Wreck-It Ralph and the Digital Fairy Tale


This is an archival piece that was originally published in 2014. 

In Wreck-It Ralph, director Rich Moore has crafted one of the year’s smartest films. Disney Animation’s 51st offering, it’s a perfect blend of old-school storytelling with modern day visuals, humour and politics, and it does an incredible job of paying tribute to pop culture while at the same time criticising it, with the role of women in video games (both as characters and consumers) coming in for particular scrutiny.

Along with video games, Wreck-It Ralph also tackles a subject closer to Disney’s heart – the fairy tale. Referencing three Disney classics in particular (Snow White and the Seven Dwarves, Cinderella and Sleeping Beauty), the film uses fairy tale tropes, characterisations and visuals to make an important point about choice and identity. It does this not by parodying the genre (as the Shrek franchise does), but by respecting it, and twisting things just a little. Here’s how…

The set-up
Wreck-It Ralph‘s two lead characters are the titular Ralph, a villain in a Donkey Kong-esque game called Fix-It Felix, and Vanellope Von Schweetz, a racer in a candy-themed Mario Kart take-off called Sugar Rush. Ralph is a bad guy dreaming of becoming a knight in shining armour (he game-hops in order to win a medal, the symbol of his heroism), while Vanellope is a damsel in distress (she suffers from a ‘glitch’ and is picked on by the other girls) who dreams of a seemingly impossible life (the love of a handsome prince in traditional fairy tales, racing here). The hero and heroine are in place.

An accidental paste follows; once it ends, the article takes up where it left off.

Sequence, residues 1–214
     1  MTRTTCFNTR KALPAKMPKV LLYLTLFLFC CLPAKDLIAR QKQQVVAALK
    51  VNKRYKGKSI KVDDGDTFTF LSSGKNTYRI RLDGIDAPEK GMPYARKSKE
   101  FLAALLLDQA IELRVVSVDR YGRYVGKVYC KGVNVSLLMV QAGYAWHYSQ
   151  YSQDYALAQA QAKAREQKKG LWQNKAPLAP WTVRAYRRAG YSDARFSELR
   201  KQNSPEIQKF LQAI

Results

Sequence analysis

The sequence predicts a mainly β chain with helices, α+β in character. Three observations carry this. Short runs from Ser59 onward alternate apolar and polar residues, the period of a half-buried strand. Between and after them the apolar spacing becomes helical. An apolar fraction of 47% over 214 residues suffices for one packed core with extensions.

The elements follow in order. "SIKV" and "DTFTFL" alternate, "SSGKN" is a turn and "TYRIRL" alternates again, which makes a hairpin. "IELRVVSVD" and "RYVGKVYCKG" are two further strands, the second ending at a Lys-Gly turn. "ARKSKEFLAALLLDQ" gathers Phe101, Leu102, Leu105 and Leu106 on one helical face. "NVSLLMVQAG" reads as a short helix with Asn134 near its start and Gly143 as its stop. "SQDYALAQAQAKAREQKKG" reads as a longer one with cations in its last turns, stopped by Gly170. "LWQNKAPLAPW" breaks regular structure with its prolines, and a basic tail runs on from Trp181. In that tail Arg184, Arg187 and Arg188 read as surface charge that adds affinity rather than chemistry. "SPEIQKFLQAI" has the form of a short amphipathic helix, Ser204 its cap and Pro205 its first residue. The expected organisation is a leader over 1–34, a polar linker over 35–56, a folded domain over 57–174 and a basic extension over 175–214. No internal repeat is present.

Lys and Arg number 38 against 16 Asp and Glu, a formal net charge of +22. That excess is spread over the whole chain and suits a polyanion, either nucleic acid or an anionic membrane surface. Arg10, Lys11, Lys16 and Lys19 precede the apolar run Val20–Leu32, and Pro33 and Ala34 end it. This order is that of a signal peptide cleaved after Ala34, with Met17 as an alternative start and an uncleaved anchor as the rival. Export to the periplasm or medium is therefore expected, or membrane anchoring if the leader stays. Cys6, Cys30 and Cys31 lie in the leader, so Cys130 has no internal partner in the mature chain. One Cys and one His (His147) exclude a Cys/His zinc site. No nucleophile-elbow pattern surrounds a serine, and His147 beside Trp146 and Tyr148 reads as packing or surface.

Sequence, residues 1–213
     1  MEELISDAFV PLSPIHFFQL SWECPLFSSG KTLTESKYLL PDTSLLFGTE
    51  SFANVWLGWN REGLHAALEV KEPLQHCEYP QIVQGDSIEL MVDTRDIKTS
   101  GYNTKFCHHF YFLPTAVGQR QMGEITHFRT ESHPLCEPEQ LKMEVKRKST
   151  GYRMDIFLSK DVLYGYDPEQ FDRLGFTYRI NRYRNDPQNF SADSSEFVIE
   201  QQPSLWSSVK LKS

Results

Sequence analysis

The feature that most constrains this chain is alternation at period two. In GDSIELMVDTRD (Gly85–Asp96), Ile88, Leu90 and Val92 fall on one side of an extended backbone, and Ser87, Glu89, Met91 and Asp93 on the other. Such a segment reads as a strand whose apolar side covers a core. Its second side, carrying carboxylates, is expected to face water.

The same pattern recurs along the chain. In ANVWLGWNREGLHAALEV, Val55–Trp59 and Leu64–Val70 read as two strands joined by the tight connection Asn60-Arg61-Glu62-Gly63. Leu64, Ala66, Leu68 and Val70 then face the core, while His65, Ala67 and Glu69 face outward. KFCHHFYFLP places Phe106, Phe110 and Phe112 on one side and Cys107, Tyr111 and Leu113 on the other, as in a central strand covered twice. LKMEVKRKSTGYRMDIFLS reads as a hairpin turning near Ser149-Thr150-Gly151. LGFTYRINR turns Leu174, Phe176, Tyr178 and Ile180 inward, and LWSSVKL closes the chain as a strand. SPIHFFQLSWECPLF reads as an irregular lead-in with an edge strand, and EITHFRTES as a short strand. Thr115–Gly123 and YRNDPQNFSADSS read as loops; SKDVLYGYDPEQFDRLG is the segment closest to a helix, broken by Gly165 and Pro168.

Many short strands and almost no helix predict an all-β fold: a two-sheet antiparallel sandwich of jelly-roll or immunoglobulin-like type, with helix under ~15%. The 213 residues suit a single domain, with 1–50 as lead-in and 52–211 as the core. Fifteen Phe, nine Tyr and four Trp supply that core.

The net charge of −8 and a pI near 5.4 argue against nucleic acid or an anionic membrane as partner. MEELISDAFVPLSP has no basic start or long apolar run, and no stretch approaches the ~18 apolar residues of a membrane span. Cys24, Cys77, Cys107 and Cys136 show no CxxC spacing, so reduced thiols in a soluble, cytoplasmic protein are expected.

This situation will never change for either of them. Ralph, for example, is repeatedly told that being bad is inherent to his identity. Even at the Villains Anonymous meeting he attends at the start of the film he is forced to accept this message through the group’s affirmation, “I’m bad, and that’s good. I’ll never be good, and that’s not bad. There’s no one I’d rather be than me.”

The same is true of Vanellope, whose essential nature as a glitch makes it impossible for her to transcend her position in life. The only way for her to get rid of her glitch and become ‘complete’ is to participate in a race, but if she does that, the gamers playing in the real world will think the game’s broken. The game will be shut off and Vanellope, whose glitch makes it impossible for her to leave the game, will die with it. Both she and Ralph are hopelessly trapped by the identities enforced upon them.

Keeping things in order is the film’s antagonist, King Candy (later revealed to be game-hopping retro racer Turbo), who has adjusted Sugar Rush’s code to wipe the kingdom’s citizens’ memories and infect Vanellope, who it turns out is actually princess and rightful ruler of Sugar Rush, with her glitch. King Candy therefore joins Ralph and Vanellope as a fairy tale cliche – he’sCinderella‘s evil stepmother or Sleeping Beauty‘s Maleficent, an old character facing death who is desperate to cling onto whatever power he can by oppressing the young heroine and denying her her birthright. In Cinderella and Sleeping Beauty, that power is dictated by youth and beauty, but in Wreck-It Ralph, power is self-determination and identity. And unlike in traditional fairy tales, those things are not gained through love, but achievement and self-actualisation.